Nasser is usually portrayed as a secular nationalist, but Gerges gives us a more nuanced understanding of a man who experimented with many anti-hegemonic ideologies, including his connection with the Muslim Brotherhood movement in the 1940s and into the early 1950s. He also tilted toward the Soviet model in organizing Egypt’s economy. Through all of his experimentation he learned, especially after the 1948 Palestinian war (or Arab-Israeli war), that the army is the only way to keep law and order.
The Free Officers and the Islamists both believed that the West had thwarted the Arab world’s self-determination, and of Egypt’s in particular. But after Nasser’s coup, there arose a conflicting vision between nationalists and the Islamists as to what form that self-determination should take. And that political rivalry has shaped not only Egypt but the region since then.
For the Islamists—mostly in the form of the Ikhwan, the Muslim Brotherhood movement—Islam was not just a religion but an all-encompassing civilization that had within itself all that was needed for life, including the dictates of how a country is to be governed. They envisioned a Qur’anic political order much like today’s Islamic Republic of Iran. That they believed this was the only path to an authentic Arab Islamic identity can be seen in a 1958 video of Nasser. He recounts his 1953 conversation with the head of the Ikhwan, and his pursuit of some form of compromise between the two sides. He relates that the first thing the leader of the Ikhwan asked for was a law mandating every woman walking in public to wear the hijab.
Socialism, Arabism, and Secularism
The national secularists—Nasser and his heirs—were politically and philosophically more influenced by German and Russian socialist thought, which they alloyed with Arabism, than by the Anglo-American tradition. Nasser himself certainly did not believe in democracy. He and the others desired to create socialist Arab nations that could compete economically with Western nations, and attempted to do so by pure authoritarian fiat. At the same time, and contra the propaganda the Ikhwan peddled about Nasser, the Egyptian leader was neither an unbeliever nor an apostate. Gerges quotes from interviews showing that Nasser stayed a Muslim believer until the end, only that he did not believe that religion should be enforced via state power.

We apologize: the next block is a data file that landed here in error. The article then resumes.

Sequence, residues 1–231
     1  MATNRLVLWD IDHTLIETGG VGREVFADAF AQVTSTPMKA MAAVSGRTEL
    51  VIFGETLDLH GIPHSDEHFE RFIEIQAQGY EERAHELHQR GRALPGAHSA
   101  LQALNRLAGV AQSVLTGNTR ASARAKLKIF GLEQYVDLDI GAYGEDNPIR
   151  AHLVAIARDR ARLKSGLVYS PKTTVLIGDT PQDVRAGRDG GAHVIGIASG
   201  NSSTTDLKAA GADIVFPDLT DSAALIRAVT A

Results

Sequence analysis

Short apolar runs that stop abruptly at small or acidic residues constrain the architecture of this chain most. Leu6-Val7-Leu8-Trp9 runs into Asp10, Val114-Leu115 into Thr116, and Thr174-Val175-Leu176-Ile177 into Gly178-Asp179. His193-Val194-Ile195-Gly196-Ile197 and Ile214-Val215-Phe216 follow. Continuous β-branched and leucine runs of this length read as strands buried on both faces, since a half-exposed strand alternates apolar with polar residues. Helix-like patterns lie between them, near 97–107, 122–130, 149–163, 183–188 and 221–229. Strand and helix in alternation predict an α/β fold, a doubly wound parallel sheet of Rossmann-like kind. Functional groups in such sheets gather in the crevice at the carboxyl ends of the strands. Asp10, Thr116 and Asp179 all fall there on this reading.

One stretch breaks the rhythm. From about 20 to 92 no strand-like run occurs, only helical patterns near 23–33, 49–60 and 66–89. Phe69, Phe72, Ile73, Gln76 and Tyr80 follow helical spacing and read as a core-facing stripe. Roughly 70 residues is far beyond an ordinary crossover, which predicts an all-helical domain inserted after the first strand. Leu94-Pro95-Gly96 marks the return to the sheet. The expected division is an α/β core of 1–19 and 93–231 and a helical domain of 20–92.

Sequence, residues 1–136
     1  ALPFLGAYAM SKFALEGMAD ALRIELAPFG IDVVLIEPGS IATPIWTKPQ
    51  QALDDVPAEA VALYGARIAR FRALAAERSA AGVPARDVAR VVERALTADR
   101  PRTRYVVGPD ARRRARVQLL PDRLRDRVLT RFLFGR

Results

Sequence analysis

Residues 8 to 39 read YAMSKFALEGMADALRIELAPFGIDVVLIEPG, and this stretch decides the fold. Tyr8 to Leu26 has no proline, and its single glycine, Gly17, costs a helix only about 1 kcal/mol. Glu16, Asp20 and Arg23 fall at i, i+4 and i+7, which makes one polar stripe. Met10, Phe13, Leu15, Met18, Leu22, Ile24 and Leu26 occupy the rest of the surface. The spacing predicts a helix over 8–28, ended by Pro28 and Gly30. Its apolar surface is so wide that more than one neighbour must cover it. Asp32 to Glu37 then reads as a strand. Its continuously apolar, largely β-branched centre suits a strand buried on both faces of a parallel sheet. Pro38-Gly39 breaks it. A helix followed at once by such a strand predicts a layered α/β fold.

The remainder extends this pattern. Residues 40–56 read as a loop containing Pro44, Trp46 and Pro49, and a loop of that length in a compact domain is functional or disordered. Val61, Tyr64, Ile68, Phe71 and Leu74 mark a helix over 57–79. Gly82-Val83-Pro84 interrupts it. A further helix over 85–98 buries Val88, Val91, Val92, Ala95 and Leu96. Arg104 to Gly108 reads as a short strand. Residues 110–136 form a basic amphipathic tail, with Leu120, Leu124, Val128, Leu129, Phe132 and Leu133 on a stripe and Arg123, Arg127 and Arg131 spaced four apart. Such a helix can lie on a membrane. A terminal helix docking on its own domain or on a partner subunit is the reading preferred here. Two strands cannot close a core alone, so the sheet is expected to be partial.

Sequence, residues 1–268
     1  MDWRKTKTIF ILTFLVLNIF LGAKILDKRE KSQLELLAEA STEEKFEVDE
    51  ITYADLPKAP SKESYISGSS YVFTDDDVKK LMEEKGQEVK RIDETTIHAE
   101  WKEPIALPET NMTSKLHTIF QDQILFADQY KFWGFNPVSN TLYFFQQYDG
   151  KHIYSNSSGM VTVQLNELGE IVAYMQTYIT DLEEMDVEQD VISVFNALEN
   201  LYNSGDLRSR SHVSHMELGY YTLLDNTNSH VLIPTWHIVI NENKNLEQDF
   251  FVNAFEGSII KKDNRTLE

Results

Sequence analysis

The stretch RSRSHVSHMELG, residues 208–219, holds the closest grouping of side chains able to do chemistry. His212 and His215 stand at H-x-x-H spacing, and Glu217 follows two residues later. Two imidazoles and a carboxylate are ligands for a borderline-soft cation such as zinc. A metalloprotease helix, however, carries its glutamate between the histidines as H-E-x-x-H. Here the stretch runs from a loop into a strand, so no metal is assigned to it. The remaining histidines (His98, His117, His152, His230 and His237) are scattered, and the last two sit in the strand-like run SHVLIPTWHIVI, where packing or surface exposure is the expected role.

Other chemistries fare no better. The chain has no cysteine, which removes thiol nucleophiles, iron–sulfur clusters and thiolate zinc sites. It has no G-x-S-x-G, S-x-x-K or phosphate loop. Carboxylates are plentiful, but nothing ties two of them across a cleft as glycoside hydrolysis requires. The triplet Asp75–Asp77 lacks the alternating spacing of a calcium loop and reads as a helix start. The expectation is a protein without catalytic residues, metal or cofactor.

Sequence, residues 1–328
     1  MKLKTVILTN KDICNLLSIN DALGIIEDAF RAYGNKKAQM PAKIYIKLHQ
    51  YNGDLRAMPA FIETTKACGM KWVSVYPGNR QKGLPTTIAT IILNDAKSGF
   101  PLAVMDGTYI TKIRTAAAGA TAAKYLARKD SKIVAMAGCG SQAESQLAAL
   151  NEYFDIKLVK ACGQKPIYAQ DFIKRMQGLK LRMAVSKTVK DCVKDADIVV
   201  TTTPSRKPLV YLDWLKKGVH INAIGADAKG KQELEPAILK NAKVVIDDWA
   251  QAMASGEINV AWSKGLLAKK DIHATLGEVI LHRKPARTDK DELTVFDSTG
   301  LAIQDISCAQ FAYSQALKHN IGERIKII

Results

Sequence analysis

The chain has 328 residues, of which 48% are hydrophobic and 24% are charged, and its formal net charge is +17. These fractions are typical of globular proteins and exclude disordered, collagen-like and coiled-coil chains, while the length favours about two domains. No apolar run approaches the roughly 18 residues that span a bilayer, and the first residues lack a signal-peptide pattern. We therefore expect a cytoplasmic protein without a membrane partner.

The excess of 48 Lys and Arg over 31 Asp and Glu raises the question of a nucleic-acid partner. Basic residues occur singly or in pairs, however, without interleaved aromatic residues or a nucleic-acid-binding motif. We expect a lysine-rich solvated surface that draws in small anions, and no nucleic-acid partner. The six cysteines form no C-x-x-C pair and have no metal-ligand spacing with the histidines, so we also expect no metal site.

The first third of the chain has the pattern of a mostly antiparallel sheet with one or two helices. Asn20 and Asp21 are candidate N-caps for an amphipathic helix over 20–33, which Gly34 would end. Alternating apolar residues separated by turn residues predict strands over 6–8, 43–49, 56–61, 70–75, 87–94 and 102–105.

And that brings me to an underestimated point: Middle Eastern Christian and other religious minorities tend to fare better under nationalists. There are two reasons for this: One, the nationalist ideology is more inclusive (by default) as it takes in all the people living in that particular nation, no matter their religion. (In fact, Gerges discusses how in the early days of pan-Arabism and nationalism, many Christians were involved in these political movements because they finally felt included, because it wasn’t religiously driven.) The second reason is that nationalists don’t want to enforce Islam via state power. This creates social, political, and cultural space for religious minorities of all stripes.
Granted, not to the extent we see in the West. Seen through our Western lens, we tend to consider these “freedoms” laughable and we attempt and have attempted to push the Arab world for more. What we should do, as realists, is consider it a good stage in the evolution of the Arab world.